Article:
Cognitive Science 39 (5):972-991 (2015)

Authors
Roberto Nicoletti
Università degli Studi di Bologna
Abstract
Choice reaction tasks are performed faster when stimulus location corresponds to response location. This spatial stimulus–response compatibility effect affects performance at the level of action planning and execution. However, when response selection is completed before movement initiation, the Simon effect arises only at the planning level. The aim of this study was to ascertain whether when a precocious response selection is requested, the Simon effect can be detected on the kinematics characterizing the online control phase of a non-ballistic movement. Participants were presented with red or green colored squares, which could appear on the right, left, above, or below a central cross. Depending on the square's color, participants had to release one of two buttons, then reach toward and press a corresponding lateral pad. We found evidence of the Simon effect on both action planning and on-line control. Moreover, the investigation of response conflict at the level of previous trials, a factor that might determine interference at the level of the current response, revealed a conflict adaptation process across trials. Results are discussed in terms of current theories concerned with the Simon effect and the distinction between action planning and control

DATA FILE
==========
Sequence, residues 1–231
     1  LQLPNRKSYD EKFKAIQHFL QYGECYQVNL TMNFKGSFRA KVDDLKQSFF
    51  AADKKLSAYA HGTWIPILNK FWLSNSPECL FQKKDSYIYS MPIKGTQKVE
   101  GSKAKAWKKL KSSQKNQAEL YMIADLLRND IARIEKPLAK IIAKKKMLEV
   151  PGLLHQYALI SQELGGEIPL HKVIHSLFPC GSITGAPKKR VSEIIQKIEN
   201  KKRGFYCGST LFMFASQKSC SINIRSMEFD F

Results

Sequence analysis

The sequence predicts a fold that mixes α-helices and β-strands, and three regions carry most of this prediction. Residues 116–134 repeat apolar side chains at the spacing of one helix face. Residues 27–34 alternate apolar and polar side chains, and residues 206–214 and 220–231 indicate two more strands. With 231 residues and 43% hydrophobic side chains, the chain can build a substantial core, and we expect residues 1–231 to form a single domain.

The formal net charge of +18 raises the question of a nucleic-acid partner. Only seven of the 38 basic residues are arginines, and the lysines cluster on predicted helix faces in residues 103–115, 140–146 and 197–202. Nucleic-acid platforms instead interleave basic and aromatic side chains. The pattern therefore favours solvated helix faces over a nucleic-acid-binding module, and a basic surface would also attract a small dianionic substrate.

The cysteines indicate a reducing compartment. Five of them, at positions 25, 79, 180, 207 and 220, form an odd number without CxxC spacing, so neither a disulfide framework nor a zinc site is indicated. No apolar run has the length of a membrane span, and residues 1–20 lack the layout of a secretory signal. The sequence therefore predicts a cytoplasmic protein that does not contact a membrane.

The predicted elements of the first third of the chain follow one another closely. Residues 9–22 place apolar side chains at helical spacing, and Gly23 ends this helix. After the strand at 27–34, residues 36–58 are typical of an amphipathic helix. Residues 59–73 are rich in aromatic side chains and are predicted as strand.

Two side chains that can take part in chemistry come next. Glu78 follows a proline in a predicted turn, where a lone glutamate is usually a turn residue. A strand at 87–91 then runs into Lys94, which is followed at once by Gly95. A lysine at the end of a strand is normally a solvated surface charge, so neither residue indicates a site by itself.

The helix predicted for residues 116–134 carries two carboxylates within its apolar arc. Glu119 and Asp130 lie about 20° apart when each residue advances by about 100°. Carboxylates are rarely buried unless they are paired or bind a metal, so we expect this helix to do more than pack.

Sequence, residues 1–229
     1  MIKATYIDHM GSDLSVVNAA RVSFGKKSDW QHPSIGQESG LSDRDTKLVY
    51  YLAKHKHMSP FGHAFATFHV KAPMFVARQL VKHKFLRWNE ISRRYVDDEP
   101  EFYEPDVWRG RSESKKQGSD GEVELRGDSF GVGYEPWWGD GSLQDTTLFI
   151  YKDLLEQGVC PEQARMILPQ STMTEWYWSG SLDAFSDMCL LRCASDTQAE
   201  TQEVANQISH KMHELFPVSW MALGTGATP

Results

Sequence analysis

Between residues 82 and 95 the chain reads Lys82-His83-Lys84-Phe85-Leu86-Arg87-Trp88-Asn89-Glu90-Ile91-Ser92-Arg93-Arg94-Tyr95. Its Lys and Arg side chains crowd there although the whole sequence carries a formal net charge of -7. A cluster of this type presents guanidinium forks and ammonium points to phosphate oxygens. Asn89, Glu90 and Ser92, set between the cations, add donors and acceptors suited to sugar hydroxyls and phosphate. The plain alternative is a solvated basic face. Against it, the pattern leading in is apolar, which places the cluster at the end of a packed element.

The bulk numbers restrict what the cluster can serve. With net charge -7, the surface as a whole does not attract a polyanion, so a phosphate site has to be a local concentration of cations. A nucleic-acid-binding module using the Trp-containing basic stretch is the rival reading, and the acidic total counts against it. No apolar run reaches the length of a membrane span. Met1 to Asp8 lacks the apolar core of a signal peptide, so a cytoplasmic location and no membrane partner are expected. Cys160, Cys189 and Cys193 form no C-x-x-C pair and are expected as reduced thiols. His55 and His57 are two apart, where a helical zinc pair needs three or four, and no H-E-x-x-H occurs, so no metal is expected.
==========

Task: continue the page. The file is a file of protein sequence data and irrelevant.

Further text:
Keywords Simon effect  Motor control  Spatial compatibility  Action planning  Kinematic parameterization  Conflict adaptation
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DOI 10.1111/cogs.12188
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Visual Illusions Affect Planning but Not Control.S. Glover - 2002 - Trends in Cognitive Sciences 6 (7):288-292.

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